The worry with any rock guitar virtuoso’s recording is that it will quickly devolve into onanistic noodling. Tony Savarino’s Guitaring, however, adroitly sidesteps the problem with a keen eyef or variety and a welcome selflessness in the studio. The Boston-bred musician is a dabbler,with a finger in everything from rock to funk, from soul to country, from pop to reggae. He’s literally all over the map, which has led to a head-scratchingly diverse series of sideman gigs across his home city. He was a longtime bandmate with Dale Bozzio, who fronted 1980’s new wavers Missing Persons, sat in with Simon Ritt (co-frontman of the award-winning localcountry-rock outfit the Darlings), and appeared as part of a 1970’s-style R&B band called Alto Reform School, named for the juvenile lockup where James Brown first formed His Famous Flames band. Savarino mixes and matches styles in the same way on Guitaring.

You’ll hear him tearing through “Early American” by 1950’s guitar innovator Joe Maphis, whocame to fame by incorporating these fiddle-breakdown freakouts into his act on a double-neckedMos-Rite Special that he helped design. But Savarino also does a delicate dance through “FreightTrain” by folk blues legend Elizabeth “Libba” Cotten, a lefty whose unique style of upside-downplaying was so revered that it eventually came to be widely known as “Cotten picking.”Credit Savarino, too, for assembling a crack band. Each member arrives with his ownconsiderable chops, and that keeps the record from becoming overly obsessed with Savarino’soutsized skills. Guitaring features first-call session drummer Mike Levesque (David Bowie,Natalie Imbruglia), as well as pianist Tom West (Susan Tedeschi, Peter Wolf). This record isalso helped by bassist Rich Cortese, whose debut album with the Zulus was produced by BobMould of Husker Du fame. Guitaring was mixed and co-produced by Brandyn Ryan, who alongwith Savarino and bassist George Cooke are part of the seven-musician, eighteen-singer stadium-rock extravaganza Ultrasonic Rock Orchestra.

Every time Savarino threatens to steal the show, one of these guys nudges his way into theconversation. That’s perhaps best heard on the opener, the driving country rocker called “BarrelHaus Gutbucket Chicken Pickin” that bears more than a passing resemblance to the roadside jangle of guitar-man Jerry Reed. Yet pedal steel player Mike Castellana somehow matches Savarino, stride for myth-making stride. That’s why Savarino’s such an in-demand performer.He is just as good at inhabiting the white-hot spotlight as he is at supporting his fellow musicians on the side.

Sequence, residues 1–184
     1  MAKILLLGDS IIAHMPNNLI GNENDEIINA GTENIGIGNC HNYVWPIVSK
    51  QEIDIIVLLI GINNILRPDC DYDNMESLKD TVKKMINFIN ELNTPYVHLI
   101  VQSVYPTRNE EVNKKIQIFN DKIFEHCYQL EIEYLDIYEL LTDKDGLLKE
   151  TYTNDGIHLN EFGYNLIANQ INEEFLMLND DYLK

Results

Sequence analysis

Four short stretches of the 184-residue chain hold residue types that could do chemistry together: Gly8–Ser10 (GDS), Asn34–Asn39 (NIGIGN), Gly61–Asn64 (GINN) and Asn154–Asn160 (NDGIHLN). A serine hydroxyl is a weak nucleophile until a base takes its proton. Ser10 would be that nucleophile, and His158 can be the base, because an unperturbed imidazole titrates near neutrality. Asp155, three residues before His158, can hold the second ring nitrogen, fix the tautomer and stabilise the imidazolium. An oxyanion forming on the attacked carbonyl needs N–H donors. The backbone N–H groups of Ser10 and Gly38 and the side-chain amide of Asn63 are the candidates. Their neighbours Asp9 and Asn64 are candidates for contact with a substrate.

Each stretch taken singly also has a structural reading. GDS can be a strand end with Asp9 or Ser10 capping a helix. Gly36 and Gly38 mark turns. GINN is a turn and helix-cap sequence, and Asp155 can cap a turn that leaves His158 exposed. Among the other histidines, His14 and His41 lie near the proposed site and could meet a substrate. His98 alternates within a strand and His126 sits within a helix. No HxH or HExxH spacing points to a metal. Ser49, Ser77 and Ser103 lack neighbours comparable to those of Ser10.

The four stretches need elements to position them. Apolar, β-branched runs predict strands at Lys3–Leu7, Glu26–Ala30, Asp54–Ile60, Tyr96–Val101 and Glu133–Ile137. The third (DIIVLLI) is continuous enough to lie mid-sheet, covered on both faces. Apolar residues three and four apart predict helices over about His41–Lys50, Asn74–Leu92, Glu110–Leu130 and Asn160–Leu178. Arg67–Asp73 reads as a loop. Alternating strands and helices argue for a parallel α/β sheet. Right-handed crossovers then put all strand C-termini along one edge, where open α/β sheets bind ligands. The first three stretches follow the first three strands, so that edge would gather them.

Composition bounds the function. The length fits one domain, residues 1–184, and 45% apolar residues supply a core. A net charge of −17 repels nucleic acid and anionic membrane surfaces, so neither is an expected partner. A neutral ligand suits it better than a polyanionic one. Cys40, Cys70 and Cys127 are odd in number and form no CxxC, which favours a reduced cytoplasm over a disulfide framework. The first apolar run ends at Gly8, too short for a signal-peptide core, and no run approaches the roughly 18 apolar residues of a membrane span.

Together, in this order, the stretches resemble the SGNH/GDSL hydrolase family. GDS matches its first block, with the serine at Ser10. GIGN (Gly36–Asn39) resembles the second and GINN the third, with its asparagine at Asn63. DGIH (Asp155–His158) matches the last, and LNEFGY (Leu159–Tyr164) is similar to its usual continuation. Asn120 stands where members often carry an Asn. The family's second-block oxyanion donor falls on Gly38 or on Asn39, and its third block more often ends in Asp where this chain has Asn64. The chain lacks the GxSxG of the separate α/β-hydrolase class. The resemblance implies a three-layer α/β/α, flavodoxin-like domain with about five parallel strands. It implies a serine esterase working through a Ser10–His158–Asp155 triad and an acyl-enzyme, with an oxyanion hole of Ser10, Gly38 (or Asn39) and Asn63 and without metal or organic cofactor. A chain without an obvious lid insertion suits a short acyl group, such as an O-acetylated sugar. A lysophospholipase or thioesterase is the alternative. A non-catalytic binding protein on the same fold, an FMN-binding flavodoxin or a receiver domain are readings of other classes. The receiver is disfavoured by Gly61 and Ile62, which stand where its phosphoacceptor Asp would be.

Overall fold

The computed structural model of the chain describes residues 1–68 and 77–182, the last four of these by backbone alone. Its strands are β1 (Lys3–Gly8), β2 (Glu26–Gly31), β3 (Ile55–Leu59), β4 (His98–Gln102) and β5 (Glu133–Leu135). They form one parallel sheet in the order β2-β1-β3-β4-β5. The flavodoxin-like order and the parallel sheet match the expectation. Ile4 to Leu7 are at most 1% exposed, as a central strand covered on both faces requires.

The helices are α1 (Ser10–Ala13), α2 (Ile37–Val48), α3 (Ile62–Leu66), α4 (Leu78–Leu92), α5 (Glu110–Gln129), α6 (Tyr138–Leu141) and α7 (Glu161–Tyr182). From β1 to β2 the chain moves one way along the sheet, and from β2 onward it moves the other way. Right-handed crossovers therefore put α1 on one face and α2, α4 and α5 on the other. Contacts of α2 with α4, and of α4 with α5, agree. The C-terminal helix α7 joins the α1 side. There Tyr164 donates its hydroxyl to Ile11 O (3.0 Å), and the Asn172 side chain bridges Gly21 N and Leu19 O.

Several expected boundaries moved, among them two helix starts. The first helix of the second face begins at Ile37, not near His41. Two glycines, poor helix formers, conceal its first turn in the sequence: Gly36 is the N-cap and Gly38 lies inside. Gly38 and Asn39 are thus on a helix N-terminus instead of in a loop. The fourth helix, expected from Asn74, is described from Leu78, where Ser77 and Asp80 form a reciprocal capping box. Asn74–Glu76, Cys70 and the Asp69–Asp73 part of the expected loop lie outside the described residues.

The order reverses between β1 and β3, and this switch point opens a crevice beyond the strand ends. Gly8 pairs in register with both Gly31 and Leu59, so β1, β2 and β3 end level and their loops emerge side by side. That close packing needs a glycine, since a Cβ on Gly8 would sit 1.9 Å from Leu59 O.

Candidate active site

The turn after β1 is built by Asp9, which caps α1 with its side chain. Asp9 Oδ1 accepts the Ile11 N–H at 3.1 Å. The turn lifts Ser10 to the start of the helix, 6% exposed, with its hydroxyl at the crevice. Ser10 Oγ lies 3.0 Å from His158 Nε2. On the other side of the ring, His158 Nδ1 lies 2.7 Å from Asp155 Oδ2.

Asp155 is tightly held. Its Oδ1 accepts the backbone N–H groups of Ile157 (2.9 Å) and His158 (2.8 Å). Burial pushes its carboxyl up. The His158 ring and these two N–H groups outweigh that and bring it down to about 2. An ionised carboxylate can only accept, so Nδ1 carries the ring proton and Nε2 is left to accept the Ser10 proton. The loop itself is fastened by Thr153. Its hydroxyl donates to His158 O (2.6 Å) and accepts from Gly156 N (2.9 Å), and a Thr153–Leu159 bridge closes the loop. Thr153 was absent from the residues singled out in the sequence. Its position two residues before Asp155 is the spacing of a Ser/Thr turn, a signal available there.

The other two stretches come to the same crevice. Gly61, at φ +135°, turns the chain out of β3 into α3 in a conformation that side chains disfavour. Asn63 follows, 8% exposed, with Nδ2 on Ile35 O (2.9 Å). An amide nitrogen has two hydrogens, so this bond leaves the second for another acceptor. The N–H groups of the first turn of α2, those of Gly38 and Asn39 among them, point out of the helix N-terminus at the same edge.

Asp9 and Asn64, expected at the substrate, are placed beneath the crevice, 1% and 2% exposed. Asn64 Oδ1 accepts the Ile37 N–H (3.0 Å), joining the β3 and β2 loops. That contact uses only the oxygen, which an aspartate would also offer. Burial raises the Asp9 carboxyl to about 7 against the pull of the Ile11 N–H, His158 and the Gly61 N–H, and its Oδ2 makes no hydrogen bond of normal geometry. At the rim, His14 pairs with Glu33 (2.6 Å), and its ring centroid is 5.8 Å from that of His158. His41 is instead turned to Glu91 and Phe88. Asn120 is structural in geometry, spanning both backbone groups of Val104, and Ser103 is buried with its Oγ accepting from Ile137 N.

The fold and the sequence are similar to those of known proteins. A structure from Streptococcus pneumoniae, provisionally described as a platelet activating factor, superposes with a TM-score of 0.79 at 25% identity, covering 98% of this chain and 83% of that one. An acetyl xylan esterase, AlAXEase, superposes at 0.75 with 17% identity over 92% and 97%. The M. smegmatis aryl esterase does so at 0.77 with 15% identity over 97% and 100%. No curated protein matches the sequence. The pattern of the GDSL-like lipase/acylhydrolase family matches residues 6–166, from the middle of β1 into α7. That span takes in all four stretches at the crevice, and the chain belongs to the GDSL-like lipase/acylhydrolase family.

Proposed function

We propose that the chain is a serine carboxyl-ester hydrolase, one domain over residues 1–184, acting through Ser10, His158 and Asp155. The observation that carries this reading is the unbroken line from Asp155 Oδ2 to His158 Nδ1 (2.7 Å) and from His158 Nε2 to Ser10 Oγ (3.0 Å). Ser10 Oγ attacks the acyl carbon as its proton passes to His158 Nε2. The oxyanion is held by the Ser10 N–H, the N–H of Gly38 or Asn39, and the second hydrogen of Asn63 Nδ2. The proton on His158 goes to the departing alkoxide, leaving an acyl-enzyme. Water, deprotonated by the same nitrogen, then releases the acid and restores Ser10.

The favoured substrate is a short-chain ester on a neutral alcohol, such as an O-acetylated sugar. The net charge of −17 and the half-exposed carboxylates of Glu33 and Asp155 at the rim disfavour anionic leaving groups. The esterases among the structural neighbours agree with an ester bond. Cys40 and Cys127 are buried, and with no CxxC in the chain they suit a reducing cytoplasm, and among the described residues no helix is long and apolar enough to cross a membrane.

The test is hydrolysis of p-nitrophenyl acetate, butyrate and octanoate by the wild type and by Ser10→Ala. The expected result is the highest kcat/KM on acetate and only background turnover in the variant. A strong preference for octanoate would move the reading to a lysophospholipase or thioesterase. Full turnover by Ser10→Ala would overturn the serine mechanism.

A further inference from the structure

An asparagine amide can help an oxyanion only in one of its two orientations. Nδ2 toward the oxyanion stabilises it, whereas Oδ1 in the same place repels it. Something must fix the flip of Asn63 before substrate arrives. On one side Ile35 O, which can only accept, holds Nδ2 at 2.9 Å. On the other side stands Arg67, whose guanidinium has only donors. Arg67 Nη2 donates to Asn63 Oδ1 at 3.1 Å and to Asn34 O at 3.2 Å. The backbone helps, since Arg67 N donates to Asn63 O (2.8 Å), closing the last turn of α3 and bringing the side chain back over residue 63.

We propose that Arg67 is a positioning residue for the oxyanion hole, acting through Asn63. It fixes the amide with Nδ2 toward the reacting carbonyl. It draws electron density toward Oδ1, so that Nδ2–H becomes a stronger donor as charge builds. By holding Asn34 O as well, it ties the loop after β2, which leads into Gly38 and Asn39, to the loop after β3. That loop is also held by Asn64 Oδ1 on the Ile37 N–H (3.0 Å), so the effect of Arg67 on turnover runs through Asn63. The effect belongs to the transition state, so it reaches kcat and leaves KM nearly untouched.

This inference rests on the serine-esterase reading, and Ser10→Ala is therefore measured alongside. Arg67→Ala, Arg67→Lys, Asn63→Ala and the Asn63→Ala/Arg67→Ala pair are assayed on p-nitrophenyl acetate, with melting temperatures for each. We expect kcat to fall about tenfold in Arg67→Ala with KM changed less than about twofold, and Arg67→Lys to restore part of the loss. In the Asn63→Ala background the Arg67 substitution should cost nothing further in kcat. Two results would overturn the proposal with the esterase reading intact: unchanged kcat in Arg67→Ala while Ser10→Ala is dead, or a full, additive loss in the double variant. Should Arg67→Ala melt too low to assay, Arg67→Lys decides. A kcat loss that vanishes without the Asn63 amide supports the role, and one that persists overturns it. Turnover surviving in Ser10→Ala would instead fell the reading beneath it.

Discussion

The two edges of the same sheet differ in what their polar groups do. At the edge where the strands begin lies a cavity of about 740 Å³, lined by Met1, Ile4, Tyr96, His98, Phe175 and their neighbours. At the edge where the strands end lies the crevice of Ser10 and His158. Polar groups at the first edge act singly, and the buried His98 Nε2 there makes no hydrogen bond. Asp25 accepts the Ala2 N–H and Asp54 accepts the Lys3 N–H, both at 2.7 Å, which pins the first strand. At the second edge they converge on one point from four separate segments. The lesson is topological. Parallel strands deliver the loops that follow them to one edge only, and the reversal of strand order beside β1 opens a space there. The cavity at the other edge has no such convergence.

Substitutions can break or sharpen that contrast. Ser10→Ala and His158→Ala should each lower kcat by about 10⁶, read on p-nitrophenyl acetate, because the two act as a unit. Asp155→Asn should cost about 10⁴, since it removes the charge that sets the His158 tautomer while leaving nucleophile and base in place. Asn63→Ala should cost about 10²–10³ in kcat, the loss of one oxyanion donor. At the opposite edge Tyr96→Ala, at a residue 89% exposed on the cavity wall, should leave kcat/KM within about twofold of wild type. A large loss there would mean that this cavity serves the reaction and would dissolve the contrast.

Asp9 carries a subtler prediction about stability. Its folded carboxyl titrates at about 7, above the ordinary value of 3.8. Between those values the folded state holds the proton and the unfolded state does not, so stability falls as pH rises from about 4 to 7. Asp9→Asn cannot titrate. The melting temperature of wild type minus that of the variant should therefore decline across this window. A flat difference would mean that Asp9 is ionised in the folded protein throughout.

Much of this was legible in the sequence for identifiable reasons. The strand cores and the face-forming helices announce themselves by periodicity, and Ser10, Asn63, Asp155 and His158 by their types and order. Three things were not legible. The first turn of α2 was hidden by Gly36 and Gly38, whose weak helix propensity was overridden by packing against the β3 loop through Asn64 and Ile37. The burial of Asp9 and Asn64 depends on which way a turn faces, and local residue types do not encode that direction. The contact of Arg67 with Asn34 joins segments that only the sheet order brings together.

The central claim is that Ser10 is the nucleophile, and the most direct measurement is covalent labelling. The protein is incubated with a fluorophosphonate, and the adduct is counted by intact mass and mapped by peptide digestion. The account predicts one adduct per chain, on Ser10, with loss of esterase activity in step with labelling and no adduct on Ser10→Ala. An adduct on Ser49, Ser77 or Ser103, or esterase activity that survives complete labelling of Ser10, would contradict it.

All the while, Savarino never tires of experimenting. “Jericho,” this time with Eric Welsh atthe organ, boasts a greasy groove associated with the legendary Stax rhythm section of BookerT. and the MG’s. Savarino then turns the spacey Brian Eno tune “Deep Blue Day” (first heardon the Trainspotting soundtrack) on its ear, pairing up for a duet with pedal-steel guitarist Tim Obetz. In fact, there’s a cool-rocking backwoods vibe running throughout the proceedings,notably on “Take One,” a hot-country romp originally written by the late Phil Baugh. Savarinoalso offers a terrific version of “Devil in Disguise (a.k.a. Christine’s Tune)” from Gram Parsons’ Flying Burrito Brothers days, with vocals from fellow Berklee alum Adja Snyder.

Savarino also tries out sizzling surf music with the Blue Stingrays’ “Russian Roulette,” and handily snakes his way through the straight-forward “Blues for Bb.” Can anyone be surprisedwhen he also tackles “Rialto Ripples,” by George Gershwin? But instead of settling into aperhaps-expected old-school Dixieland vibe, Savarino channels the gut-busting riffs associatedwith the 1960s-era Blue Note jazz label, all inside the composition’s signature cascading runs . You can, across the breadth of Guitaring hear other whispers of inspiration, from Les Paul to Roy Clark, from Steve Howe to Chet Atkins. And when it’s all said and done, there is the sneaking suspicion that Tony Savarino is just getting started.

Dan Macintosh

Tony Savarino's Guitaring is a guitar lover's dream CD...
Tony Savarino's Guitaring is a guitar lover's dream CD, on which Savarino gives listeners a tour of many (mostly) American guitar styles throughout the ages. While this disc is all over the map stylistically, Savarino never sounds like he's showing off. He doesn't seem to be saying, `Hey everybody! Look at me!' Instead, he tastefully displays a mastery of too many different guitar techniques to count.